More information about Josef Ganz is here.
The New York Times had the story in 2012 based on a book that was published on Ganz's life:
The story of Josef Ganz is the result of more than five years of research by Paul Schilperoord, a Dutch technology journalist who is studying industrial design in Italy. The trove of documents and photographs he assembled form the basis of “The Extraordinary Life of Josef Ganz: The Jewish Engineer Behind Hitler’s Volkswagen” (RVP Publishers, 2011).(h/t and photos by El Sid)
The book provides a picture of the automotive culture in Germany between the wars, with many small, struggling companies. Published in English for the first time in November, the work had previously been available in Dutch, Portuguese and German.
In a telephone interview, Mr. Schilperoord addressed the book’s challenge to the standard history — that Hitler hired Ferdinand Porsche, who was known as one of Germany’s most successful automobile engineers from his work on military vehicles during World War I, to design and build his Strength Through Joy car. The Strength Through Joy movement was a Nazi enterprise that organized worker recreation programs, sponsoring sports and vacations.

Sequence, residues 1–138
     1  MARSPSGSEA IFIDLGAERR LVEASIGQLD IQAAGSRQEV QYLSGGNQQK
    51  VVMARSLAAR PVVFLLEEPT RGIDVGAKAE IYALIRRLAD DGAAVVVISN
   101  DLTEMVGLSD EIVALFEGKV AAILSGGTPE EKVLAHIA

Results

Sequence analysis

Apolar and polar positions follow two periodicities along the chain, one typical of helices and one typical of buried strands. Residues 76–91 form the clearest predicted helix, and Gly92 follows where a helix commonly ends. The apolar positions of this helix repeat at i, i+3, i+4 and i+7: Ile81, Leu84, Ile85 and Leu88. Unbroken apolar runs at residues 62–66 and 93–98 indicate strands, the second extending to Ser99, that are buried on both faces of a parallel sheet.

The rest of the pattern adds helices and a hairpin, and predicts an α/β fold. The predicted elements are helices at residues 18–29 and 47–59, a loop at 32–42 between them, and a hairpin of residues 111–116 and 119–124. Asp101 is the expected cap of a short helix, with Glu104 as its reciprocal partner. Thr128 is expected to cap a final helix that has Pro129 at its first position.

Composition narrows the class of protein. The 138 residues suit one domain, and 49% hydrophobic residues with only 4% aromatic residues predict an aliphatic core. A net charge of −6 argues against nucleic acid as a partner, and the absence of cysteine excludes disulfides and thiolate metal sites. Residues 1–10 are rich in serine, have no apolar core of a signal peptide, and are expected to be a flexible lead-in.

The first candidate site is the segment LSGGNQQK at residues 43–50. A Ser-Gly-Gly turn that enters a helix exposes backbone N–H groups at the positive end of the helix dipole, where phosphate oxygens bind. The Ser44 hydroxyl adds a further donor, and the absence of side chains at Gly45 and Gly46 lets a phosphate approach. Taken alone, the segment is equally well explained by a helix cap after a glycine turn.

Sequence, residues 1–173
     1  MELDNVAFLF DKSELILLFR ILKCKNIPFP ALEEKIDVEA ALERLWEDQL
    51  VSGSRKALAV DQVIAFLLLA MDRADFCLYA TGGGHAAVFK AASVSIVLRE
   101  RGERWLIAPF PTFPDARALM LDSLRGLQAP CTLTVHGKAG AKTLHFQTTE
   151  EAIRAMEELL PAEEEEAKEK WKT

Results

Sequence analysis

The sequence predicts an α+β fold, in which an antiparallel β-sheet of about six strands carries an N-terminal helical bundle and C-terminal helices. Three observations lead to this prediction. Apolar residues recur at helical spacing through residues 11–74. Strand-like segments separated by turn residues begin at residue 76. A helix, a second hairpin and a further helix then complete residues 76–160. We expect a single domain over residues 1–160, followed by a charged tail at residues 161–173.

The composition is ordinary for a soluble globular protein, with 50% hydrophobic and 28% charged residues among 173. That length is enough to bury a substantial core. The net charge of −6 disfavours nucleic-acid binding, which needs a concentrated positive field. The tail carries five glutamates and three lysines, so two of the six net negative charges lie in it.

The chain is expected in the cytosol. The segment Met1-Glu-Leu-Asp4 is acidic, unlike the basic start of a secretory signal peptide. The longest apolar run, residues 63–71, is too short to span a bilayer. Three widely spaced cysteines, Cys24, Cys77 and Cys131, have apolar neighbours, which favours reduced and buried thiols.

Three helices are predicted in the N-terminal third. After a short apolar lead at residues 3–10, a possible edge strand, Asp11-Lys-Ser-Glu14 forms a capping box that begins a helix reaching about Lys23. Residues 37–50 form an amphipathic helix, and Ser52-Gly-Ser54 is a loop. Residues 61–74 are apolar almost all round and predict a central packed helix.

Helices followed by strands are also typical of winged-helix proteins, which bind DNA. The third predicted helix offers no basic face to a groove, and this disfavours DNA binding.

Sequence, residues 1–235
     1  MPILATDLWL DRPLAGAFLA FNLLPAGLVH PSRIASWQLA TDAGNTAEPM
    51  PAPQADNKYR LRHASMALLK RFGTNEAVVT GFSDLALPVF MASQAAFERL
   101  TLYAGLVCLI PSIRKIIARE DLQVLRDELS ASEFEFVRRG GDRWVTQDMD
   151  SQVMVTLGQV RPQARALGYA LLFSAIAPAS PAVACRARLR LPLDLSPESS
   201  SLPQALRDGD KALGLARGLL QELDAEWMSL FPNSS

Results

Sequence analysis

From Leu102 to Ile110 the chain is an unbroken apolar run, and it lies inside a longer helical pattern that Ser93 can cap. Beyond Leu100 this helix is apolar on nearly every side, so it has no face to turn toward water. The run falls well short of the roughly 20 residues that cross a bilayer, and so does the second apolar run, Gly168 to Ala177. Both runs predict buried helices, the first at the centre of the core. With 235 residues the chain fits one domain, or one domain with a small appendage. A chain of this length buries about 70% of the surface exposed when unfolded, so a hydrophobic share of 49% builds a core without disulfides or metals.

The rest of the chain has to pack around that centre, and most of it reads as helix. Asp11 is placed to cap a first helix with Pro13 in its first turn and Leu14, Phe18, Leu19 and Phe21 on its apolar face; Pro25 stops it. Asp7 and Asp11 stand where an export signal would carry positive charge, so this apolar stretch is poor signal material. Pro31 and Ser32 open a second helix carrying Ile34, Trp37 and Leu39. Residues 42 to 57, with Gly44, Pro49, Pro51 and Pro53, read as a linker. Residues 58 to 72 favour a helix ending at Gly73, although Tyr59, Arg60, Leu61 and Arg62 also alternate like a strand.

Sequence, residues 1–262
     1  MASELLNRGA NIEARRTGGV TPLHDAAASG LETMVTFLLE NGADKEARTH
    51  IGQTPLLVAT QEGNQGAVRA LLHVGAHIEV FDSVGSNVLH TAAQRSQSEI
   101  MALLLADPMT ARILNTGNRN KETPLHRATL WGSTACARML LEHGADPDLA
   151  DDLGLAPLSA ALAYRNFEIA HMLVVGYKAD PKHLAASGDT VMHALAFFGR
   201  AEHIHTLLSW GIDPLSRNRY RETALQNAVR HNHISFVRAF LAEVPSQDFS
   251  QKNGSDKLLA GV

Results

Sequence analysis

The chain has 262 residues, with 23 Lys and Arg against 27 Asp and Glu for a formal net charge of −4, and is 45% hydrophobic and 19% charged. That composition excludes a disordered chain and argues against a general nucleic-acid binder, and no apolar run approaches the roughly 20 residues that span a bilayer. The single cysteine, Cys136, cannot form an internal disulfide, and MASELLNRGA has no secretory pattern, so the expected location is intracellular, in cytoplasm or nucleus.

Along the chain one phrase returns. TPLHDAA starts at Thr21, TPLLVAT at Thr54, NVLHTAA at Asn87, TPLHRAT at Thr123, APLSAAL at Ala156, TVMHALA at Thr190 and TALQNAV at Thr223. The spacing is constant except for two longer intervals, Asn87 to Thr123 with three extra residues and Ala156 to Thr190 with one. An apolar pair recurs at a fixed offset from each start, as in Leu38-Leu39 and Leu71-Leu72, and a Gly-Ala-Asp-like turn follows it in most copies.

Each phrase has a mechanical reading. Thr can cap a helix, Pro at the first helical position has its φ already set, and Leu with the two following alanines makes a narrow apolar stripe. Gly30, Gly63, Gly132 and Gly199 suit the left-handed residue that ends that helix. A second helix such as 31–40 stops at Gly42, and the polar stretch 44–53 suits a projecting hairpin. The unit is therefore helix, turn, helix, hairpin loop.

Mr. Schilperoord said that before World War II the word Volkswagen was so common as to be a cliché. “People’s car” in Germany in the 1930s was like “personal computer” in the United States in the 1980s. Inspired by Henry Ford, many young engineers sought to build transportation for the many.
Ganz was one. Ganz wrote for the magazine Motor-Kritik, which faulted German cars as antiquated and often unsafe, while he also consulted on engineering matters for automakers. He held a number of patents for suspension, steering and other systems.
Ganz advocated a people’s car with an air-cooled engine placed at the rear, based on a backbone-type frame and using independent suspension at both ends. He was a friend of Paul Jaray, an aeronautical pioneer, and pushed for Jaray’s streamlined body designs whose shape resembled what is now known as the Beetle.
Ganz promoted these ideas as a journalist. As part of the press gaggle covering the new chancellor’s visit, Mr. Schilperoord said, “He probably stood a few meters from Hitler at the 1933 Berlin auto show.”
But little more than a year later, according to Mr. Schilperoord, Ganz was arrested by the Gestapo, removed from his magazine job because he was Jewish and driven from the country. Ganz felt his life was in danger in Germany and Switzerland, where he settled.
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